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Posted January 14, 2008
Yeah, Sonic Youth doesn't age well.
Posted January 13, 2008
When the crap is this damn movie getting a wide release?
Posted January 12, 2008
Great football/playoff/Green Bay/Lambeau weather.
A couple good friends of mine from a few years back, and some other people:
Very different sounding...check em out. (If anyone lives in NC, or somewhere they're going on tour, their live show is awesome.)
I see they are playing at Hideaway BBQ on the 18th. Hideaway BBQ is awesome.
Really liked that sample song on their site too.
May have to go see them next Friday. I've been looking for a good place to take this other couple out with my wife and I and this could be a good match.
Thanks for the heads up.
Unlike many of his supporters (most of whom are Sox fans) who think it is the ultimate travesty if he doesn't get in.
Why do you keep bringing this crap up when having a discussion directed at me?
I've never insinuated that nor have I even brought up any conjecture or anything else to my stance that would make someone think that.
Don't you get on people all the time for making general, sarcastic statements based on the comments of a few?
This is why the board has dissolved a lot the past year to two years is because of pointless bickering about crap like that. I'm guilty of it too but man does it come to a head sometimes.
This discussion has gone in far too many circles now and is becoming repetitive.
Jumping into this thing a little late, but I've got a question for Fox. The 12 year stats that you cited from SoSH, doesn't it inherently favor someone who basically started at exactly the same time Rice did? Here are the stats:
1st in runs (1,098)
1st in hits (2,145)
1st in home runs (350)
1st in runs batted in (1,276)
1st in slugging percentage (.520)
1st in total bases (3,670)
1st in extra-base hits (752)
1st in go-ahead RBIs (325)
1st in multi-hit games (640)
4th in triples (73)
4th in batting average (.304)
1st in outfield assists (125)
In order for you to rank high on alot of these stats don't you have to have played in exactly these 12 seasons? Someone who played during only 10 seasons of that stretch or 8 seasons would be at a serious disadvantage, even if they were better. Or they perhaps had great seasons just outside of this time frame that are excluded from that list. So, alot of the stats on this list that arn't rate statistics (which is basically everything but SLG and BA) are really to Rice's advantage. I'd be curious to see how many other AL batters played during all 12 of these seasons.
I haven't put much thought into Rice's candidacy myself so I don't have a bias one way or the other, but I find myself questioning how convincing these stats are without knowing how many other people he's legitimately competing against (people that played all 12 seasons).
Of course, I'm not trying to mask that either.
For a 12 year period, and a decent chunk of two decades, he led in all those stats.
They are what they are.
The fact that only Schmidt was beating him in a lot of those is telling to me.
Posted January 11, 2008
Chances the REAL ID/National ID/whatever make us any safer: 0.
I don't see what the big deal is.
This will be a Godsend for me at work this year.
Posted January 10, 2008
Cumulative statistics is a drastically inferior approach because it does not emphasize consistency or the certainty that he could repeat the performance. The author took what I consider to be a flawed approach.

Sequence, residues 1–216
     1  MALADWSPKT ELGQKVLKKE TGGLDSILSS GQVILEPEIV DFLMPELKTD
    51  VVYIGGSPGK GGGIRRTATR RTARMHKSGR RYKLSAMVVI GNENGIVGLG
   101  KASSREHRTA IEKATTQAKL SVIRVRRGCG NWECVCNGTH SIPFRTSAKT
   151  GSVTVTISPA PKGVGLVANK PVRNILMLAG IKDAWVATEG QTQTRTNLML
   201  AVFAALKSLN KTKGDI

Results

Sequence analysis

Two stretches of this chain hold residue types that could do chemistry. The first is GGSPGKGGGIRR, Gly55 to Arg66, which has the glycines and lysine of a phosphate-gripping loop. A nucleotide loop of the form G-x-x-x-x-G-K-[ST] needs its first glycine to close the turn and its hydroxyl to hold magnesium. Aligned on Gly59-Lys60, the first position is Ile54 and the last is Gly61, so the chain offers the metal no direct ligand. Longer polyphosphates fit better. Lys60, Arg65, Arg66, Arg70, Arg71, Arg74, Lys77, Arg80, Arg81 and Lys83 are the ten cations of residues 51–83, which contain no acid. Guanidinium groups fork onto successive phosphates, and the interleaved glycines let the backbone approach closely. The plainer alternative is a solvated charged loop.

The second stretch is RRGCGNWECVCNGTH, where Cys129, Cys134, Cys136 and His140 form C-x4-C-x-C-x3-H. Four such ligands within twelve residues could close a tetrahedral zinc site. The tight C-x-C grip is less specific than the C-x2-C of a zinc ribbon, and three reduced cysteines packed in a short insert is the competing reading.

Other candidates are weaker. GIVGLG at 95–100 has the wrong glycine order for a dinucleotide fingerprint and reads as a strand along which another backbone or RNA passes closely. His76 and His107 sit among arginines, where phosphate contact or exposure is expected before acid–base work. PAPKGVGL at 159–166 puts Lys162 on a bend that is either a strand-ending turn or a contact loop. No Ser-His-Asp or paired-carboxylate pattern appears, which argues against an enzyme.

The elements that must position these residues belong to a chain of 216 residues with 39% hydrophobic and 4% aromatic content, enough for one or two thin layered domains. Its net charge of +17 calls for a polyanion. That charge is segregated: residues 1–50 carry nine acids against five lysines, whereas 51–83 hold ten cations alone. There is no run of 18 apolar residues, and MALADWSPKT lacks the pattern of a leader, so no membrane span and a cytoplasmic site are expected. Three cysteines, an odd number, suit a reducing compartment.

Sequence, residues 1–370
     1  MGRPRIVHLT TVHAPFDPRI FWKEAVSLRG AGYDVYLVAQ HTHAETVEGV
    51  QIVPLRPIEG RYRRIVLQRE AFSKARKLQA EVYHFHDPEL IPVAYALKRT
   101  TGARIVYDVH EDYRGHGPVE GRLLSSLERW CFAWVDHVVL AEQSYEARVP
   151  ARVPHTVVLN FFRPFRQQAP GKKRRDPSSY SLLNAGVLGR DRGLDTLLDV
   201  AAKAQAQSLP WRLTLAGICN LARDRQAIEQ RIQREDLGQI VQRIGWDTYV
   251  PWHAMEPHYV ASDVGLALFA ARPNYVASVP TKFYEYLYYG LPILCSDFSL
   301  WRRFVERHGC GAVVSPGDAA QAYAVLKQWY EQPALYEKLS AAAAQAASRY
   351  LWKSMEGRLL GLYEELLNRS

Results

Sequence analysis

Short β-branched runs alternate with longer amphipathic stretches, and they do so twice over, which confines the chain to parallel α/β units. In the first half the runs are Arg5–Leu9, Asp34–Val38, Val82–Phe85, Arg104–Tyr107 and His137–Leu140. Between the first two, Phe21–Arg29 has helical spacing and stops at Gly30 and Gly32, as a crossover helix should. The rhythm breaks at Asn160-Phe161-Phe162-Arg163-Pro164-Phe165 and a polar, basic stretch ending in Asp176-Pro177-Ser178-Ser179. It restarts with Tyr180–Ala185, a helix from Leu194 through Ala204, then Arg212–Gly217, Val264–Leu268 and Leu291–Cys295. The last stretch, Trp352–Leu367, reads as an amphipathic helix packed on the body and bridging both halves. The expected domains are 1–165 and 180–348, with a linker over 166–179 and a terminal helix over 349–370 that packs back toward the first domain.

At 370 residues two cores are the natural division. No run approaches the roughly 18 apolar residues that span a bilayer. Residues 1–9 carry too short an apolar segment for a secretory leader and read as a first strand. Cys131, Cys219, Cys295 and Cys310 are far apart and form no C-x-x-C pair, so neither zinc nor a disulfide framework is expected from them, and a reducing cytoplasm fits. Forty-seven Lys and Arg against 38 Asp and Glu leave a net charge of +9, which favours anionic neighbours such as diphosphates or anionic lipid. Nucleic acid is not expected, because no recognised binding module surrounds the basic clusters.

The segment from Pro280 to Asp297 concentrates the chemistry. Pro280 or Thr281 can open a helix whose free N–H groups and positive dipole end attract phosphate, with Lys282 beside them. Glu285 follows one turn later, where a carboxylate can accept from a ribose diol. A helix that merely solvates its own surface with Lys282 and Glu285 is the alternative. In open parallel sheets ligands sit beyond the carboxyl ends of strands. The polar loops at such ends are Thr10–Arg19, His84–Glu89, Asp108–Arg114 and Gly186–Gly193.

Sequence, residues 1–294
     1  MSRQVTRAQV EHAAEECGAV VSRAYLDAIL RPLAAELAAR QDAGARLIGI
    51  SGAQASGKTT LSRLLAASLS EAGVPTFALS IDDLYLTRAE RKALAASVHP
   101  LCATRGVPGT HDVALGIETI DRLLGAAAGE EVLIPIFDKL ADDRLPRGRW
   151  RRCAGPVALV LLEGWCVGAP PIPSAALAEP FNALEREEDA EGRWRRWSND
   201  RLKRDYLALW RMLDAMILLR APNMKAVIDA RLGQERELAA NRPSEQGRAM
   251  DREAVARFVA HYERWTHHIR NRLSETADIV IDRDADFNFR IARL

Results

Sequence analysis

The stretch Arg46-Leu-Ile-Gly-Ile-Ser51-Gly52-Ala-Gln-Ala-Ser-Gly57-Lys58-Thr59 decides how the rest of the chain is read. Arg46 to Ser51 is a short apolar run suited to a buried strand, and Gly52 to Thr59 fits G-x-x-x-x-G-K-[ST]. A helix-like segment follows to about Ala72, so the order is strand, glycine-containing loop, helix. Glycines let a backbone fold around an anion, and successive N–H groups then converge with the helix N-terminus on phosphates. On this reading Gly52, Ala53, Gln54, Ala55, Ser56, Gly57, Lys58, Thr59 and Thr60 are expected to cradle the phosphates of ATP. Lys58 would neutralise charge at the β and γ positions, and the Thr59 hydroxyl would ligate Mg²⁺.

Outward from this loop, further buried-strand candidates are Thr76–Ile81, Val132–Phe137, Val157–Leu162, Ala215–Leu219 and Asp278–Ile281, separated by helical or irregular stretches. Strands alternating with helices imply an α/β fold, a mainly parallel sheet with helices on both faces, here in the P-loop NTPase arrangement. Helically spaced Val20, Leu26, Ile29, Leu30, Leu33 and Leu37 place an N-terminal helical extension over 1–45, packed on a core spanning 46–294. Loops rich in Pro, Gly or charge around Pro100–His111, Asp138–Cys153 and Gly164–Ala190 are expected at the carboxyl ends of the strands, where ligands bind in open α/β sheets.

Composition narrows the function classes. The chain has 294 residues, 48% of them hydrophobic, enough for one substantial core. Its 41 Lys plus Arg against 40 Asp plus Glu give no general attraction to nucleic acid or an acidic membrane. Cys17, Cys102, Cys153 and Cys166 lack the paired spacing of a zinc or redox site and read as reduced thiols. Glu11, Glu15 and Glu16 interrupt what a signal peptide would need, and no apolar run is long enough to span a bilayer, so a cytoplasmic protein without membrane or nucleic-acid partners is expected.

As for the HOF monitor, I know it exists but I don't believe in complicated metrics so I have never given it serious consideration or even have knowledge of all of the components taken into consideration.
So basically, anything I don't agree with is nonsense and has no place in the argument.
I placed a link that explains it. They aren't complicated and I'm sure someone as scholarly as yourself can take it in rather easily. Don't plead ignorance to sidestep a strong point in your opposing view's favor.
It just shows how silly the ballpark argument is for or against someone.
Why is comparing him to Hall of Famers nonsensical? What is the standard then? What magical thing do we compare him to?
Of course there is no single answer to that. Why are you only evaluating Rice in comparison to the weaker players in the Hall for the criteria? Why not the better ones? Where do you set the line?
Some personal imput is certainly required but the Sons of Sam Horn are just as likely to skew the numbers as I am (so it is unfair to pretend that I am the only one who has a bias). Just by looking at the numbers I see about 6 or so seasons that I would consider to be stellar. Given the discrepancy between his home and away stats and his short career, I feel like his impact on the game during his era is drastically overstated.
I don't need to look at Kirby Puckett to tell me that, who isn't even a real contemporary to Rice. The OPS+ point has never been a part of my argument.
Black Ink: 33 (Likely HOFer ~27)
Gray Ink: 176 (~144)
HOF Monitor: 146.5 (>100)
Those were devised by Bill James, FWIW.
So use that.
Also, the stats I posted originally were not spun.
If anything SOSH is more likely to prove why he shouldn't get in as opposed to why he should. I see no spin in those 12 year cumulative numbers and his ranks in the AL.
Black Ink: 33 (Likely HOFer ~27)
Puckett (in just 12 years): 91.5
Sandberg (only 14 full seasons): 113.1
Rice = 128.
I'm not sure where you got your numbers, but I can't imagine Molitor's OPS+ being only 102 after his first 16 seasons, unless his final 5 seasons of 138, 101, 116, 104, 86 raised his OPS+ 20 points, unless, of course, you are counting his 38 in 46 AB as a full seaosn in your calculations.
Puckett's OPS+ is 124 for his career. I'm not sure where you are getting these numbers at all.
I f***ed up.
Thats a WARP-3 list and doesn't help Rice's cause.
My mistake. :lol
I don't think a handful of those players should be in the HOF either. Especially Puckett. However, it is highly fallacious to reduce the HOF standards of admission to the fact that Kirby Puckett slipped in.
Rice doesn't just beat Puckett on that list.
Again say what you want about the intangibles but he did not hit nearly as well out of Boston, this is fact:
While I don't think the IBB/fear argument is the definitive way of discrediting how he was perceived around the league, I give much more credence to its statistical basis than I would to a quote delivered by another borderline HOF player who is highly unlikely to throw another player under the bus. Given the drastic difference in home and away figures of his BA, OBP, and SLG (and IBB) one can still extrapolate some understanding of how he was perceived outside of Boston. I will always give such analysis more credit than overly sentimental quotes issued by retired ballplayers.